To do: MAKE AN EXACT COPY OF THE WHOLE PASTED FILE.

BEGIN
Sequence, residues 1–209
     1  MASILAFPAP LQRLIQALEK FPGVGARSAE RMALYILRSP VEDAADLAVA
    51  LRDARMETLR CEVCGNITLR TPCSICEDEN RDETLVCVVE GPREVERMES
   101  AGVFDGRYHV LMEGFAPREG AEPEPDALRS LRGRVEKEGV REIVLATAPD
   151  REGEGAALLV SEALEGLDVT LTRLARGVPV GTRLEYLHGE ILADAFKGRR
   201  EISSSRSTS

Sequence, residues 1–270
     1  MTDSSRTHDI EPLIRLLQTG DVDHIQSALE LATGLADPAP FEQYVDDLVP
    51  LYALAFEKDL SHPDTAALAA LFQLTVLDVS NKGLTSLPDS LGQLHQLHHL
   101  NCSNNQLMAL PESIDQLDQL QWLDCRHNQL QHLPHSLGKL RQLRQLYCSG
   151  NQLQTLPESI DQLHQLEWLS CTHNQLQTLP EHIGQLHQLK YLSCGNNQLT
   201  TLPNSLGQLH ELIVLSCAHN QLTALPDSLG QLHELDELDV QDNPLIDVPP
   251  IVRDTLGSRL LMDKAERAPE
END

Sequence, residues 1–209
     1  MASILAFPAP LQRLIQALEK FPGVGARSAE RMALYILRSP VEDAADLAVA
    51  LRDARMETLR CEVCGNITLR TPCSICEDEN RDETLVCVVE GPREVERMES
   101  AGVFDGRYHV LMEGFAPREG AEPEPDALRS LRGRVEKEGV REIVLATAPD
   151  REGEGAALLV SEALEGLDVT LTRLARGVPV GTRLEYLHGE ILADAFKGRR
   201  EISSSRSTS

Sequence, residues 1–270
     1  MTDSSRTHDI EPLIRLLQTG DVDHIQSALE LATGLADPAP FEQYVDDLVP
    51  LYALAFEKDL SHPDTAALAA LFQLTVLDVS NKGLTSLPDS LGQLHQLHHL
   101  NCSNNQLMAL PESIDQLDQL QWLDCRHNQL QHLPHSLGKL RQLRQLYCSG
   151  NQLQTLPESI DQLHQLEWLS CTHNQLQTLP EHIGQLHQLK YLSCGNNQLT
   201  TLPNSLGQLH ELIVLSCAHN QLTALPDSLG QLHELDELDV QDNPLIDVPP
   251  IVRDTLGSRL LMDKAERAPE